LA PAZ, BOLIVIA - Bolivian President Evo Morales on Saturday vowed to hold a runoff election if an audit of a vote count that gave him an outright win turned up evidence of fraud, as he sought to calm a sixth day of protests and international criticism over his disputed re-election to a fourth term.
Morales, already Latin America's longest-serving president, is the lone survivor of a group of fiery leftist leaders who took office in the previous decade, most of whom have since been replaced by right-leaning governments.
He has overseen a rare period of economic and political stability in South America's poorest country. But charges of vote-rigging lodged by the opposition and doubts about the legitimacy of the vote raised by official observers threaten to dog his 2020-25 term and tarnish his reputation as a democrat.
In a speech at a military event, Morales invited countries in the region that have called for him to hold a runoff vote — the United States, Brazil, Argentina and Colombia — to take part in an audit of the official tally.
"Let's do an audit vote by vote," Morales said in the coca-growing region of Cochabamba. "I'll join [the audit]. If there's fraud, the next day we'll convene a second-round" election, he added in comments broadcast on state TV.
Shortly after Morales spoke, his chief rival in the race, Carlos Mesa, a former president, announced his supporters were forming a commission to pressure the international community to not recognize the election's results.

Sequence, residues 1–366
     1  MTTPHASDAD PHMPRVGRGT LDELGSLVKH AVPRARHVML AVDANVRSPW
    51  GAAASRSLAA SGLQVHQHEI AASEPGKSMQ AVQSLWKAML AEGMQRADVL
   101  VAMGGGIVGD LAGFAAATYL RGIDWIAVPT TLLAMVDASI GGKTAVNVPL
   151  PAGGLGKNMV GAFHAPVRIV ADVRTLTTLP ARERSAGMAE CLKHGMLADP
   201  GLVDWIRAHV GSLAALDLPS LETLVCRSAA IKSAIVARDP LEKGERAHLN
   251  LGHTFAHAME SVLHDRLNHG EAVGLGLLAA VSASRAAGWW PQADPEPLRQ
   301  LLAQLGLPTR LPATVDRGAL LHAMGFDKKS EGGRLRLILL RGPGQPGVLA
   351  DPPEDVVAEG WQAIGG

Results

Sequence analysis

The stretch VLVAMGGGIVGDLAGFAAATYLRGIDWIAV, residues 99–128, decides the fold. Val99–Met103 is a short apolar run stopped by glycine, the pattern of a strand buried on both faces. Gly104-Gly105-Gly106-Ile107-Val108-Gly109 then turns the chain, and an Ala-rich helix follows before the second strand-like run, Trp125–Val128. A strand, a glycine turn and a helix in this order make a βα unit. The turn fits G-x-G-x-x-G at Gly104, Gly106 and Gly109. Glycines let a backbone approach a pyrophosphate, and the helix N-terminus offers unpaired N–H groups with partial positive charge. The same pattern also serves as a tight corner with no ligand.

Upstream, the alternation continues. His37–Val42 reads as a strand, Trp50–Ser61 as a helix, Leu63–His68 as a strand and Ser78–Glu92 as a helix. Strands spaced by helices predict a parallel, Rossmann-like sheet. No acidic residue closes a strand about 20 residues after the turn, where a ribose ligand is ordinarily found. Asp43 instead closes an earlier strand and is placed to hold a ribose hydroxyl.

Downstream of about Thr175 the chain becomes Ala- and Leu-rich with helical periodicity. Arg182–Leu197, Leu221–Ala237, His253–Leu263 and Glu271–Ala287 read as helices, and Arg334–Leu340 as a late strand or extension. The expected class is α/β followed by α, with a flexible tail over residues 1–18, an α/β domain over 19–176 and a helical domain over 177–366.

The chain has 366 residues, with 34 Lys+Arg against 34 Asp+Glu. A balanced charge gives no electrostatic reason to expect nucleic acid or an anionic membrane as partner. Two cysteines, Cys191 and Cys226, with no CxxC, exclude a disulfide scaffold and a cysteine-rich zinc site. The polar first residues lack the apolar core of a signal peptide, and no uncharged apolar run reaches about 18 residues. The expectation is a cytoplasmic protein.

Brazil, landlocked Bolivia's biggest trade partner, already said it would reject Morales' win until the regional Organization of American States (OAS) finished an audit of the vote count, which has not yet started.
The European Union and Washington-based OAS, both of whom sent observer missions to Bolivia, have also pushed Morales to convene a second-round vote to calm unrest and restore credibility to the election.
Protesters blocked roads in parts of the highland capital of La Paz on Saturday, chanting "fraud" and waving Bolivia's red-yellow-and-red flag as anti-government strikes continued in different cities in the South American country.
The country's embattled electoral board, the Supreme Electoral Tribunal (TSE), and Morales' government have both denied any foul play and invited the OAS to audit the official tally. But they have not said whether they will accept the OAS's condition that the audit's conclusions be legally binding.
Peru said on Saturday that it would take part in the audit at Bolivia's request, but it called for the process to be carried out respecting Bolivian laws.
The vote count by the TSE at 100% on Friday showed Morales had 47.08% of votes versus Mesa's 36.51% in a crowded race of nine candidates. That gave him the 10-point lead needed to face Mesa in a Dec. 15 second-round vote, when the opposition would most likely rally behind Mesa to defeat Morales.
The TSE sparked an uproar after the election on Sunday when it halted publication of a quick vote count that showed Morales headed to a second round with Mesa. When the quick count resumed after an outcry, it confirmed Morales' prediction that he would pull off an outright win with the help of rural votes.
Mesa's campaign said it found 100,000 votes that should have been annulled because of irregularities but instead swung in Morales' favor.
"This is a scandalous fraud never seen before. That's why the people are reacting," retiree Fredy Salinas, 67, said as he bought vegetables in a market in La Paz. "The people in the government are really shameless."
Morales said his detractors were "envious" of his achievements and accused the opposition, without providing evidence, of trying to stir up unrest to try to unseat him illegally. "With lies and tricks they're trying to instigate hatred and racism," he said.